Jointly owned by Southold Town and Suffolk County, Ruth Olivia Preserve at Dam Pond spans over 25 acres of woodlands and substantial wetlands. The Preserve’s wetlands fringe Dam Pond, a large 41 1/2-acre brackish pond to the east. Shepherded by the Peconic Land Trust, the Ruth Olivia Preserve is part of a larger public/private conservation effort through which nearly 85 acres of land adjacent to the Preserve has also been protected. Hiking, Birdwatching, nature photography and nature study are among the many passive recreational uses visitors may pursue.
The Preserve’s two trails showcase the property’s natural treasures. The Old Farm Trail meanders through abandoned agricultural land that is now in its later stages of ecological succession whereby grasslands have given way to shrubs and trees. These types of old field ecological communities are common on Long Island. The Peninsula Trail follows the shoreline of Dam Pond, providing stunning views of the water and fringing salt marsh.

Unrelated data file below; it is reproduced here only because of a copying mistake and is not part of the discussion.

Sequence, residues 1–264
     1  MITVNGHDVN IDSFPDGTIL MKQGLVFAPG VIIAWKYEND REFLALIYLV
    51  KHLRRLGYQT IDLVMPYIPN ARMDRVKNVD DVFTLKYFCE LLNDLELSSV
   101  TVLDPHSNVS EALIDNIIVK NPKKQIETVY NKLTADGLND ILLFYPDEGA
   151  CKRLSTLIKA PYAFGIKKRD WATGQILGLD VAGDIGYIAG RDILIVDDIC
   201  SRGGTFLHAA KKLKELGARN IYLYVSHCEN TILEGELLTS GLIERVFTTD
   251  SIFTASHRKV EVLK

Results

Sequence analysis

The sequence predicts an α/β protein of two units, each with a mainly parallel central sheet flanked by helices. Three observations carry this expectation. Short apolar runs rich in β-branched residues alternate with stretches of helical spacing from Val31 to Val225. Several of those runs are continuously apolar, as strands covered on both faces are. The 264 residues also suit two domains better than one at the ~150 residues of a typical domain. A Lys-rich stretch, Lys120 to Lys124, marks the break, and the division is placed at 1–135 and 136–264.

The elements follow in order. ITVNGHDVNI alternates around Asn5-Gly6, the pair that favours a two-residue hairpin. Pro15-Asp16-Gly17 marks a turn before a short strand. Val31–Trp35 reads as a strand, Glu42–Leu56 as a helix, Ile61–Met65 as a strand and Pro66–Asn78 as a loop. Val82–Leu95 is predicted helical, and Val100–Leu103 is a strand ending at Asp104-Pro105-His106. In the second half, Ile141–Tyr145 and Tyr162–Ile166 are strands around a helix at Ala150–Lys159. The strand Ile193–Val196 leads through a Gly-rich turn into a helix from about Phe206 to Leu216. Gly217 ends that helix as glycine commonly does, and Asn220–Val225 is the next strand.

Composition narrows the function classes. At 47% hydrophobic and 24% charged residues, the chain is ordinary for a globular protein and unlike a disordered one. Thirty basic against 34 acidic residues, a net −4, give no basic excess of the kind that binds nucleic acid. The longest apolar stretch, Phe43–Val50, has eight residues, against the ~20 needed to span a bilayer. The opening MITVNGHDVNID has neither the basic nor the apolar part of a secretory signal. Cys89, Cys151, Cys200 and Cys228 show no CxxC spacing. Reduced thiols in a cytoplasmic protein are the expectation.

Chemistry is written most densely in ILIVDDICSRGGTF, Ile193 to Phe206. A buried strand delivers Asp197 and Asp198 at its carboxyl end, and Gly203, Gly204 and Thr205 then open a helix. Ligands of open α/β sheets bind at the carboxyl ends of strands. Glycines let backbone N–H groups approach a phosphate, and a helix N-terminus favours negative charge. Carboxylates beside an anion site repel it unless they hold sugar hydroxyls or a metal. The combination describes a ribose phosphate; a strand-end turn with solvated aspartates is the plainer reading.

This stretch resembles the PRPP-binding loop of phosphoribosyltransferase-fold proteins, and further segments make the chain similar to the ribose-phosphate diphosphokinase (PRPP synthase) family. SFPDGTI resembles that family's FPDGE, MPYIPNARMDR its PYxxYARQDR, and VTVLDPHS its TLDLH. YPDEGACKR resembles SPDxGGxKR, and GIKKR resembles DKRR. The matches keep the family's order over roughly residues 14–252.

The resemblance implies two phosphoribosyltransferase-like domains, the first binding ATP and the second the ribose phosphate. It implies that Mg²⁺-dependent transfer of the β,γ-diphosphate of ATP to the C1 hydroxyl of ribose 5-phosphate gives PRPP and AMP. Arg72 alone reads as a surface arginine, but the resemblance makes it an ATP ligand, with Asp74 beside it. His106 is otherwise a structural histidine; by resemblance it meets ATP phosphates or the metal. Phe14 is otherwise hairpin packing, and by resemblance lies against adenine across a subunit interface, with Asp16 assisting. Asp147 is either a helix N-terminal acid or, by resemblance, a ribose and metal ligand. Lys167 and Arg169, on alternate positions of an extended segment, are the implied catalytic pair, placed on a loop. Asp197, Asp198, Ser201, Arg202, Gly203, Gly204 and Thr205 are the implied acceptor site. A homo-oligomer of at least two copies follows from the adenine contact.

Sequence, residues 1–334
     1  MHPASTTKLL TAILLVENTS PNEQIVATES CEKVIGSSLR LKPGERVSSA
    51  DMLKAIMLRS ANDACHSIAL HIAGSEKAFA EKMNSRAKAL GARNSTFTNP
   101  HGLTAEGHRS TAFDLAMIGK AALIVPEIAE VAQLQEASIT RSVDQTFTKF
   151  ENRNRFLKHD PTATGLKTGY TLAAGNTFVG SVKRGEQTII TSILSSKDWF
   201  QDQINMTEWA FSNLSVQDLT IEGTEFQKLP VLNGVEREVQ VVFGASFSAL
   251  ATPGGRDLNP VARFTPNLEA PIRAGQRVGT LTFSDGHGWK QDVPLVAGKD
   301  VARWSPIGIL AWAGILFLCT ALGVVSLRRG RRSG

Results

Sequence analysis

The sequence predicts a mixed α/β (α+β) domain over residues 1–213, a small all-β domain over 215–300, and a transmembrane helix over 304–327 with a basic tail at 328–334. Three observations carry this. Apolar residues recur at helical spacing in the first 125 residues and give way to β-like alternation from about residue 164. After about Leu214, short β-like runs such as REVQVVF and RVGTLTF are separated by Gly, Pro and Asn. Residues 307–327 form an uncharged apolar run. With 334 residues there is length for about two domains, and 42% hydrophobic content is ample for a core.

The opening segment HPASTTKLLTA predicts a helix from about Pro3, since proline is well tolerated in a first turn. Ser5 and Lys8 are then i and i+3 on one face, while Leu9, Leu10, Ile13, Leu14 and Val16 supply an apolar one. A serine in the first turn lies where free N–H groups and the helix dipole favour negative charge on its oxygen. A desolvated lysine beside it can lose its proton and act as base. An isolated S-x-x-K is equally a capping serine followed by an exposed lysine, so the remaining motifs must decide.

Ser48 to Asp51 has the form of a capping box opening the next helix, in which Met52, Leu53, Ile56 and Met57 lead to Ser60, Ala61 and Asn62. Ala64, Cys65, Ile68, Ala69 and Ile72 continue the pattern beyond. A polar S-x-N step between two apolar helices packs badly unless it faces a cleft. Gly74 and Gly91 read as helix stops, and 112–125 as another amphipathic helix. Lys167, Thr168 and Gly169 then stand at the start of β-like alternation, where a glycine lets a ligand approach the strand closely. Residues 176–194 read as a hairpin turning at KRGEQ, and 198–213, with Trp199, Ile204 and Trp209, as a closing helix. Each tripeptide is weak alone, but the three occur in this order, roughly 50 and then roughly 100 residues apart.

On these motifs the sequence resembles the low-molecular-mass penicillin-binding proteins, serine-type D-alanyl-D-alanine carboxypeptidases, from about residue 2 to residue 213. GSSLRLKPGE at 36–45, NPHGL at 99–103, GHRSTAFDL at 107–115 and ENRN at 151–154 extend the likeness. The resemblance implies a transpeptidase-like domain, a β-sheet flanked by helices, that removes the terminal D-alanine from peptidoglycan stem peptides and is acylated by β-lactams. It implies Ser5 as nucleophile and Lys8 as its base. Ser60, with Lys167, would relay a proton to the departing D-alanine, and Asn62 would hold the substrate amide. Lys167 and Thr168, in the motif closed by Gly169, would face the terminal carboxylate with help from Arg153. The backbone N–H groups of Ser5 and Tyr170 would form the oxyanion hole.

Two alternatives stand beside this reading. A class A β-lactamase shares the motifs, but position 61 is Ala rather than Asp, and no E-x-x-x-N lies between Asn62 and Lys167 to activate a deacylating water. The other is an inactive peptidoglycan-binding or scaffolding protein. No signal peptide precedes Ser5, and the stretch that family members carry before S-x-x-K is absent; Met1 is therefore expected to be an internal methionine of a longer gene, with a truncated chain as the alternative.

Dam Pond is a birding hotspot. during the spring, summer, and fall months, visitors may catch glimpses of osprey, egrets, herons, terns, warblers, and other neotropical migrants. In the winter months, waterfowl migrate from the North to southern climes including Dam Pond in search of reliable food supplies. Common Loons can be seen diving underwater for up to 3 minutes to spear prey with their sharp beaks. Seaducks such as the Hooded Merganser and Red-breasted Merganser dive and grasp fish with their long, narrow serrated bills. Also in the seaduck family, groups of Common Goldenye can be seen diving at the same time in search of food. Buffleheads are also frequent visitors to Dam Pond. As they are North America’s smallest sea duck, Buffleheads are commonly nicknamed bumblebee ducks! Dabbling ducks including the Mallard can be seen dabbling (moving their bills around the water while feeding) and upending (feeding upside down in water) to feed on submerged plants and small invertebrates.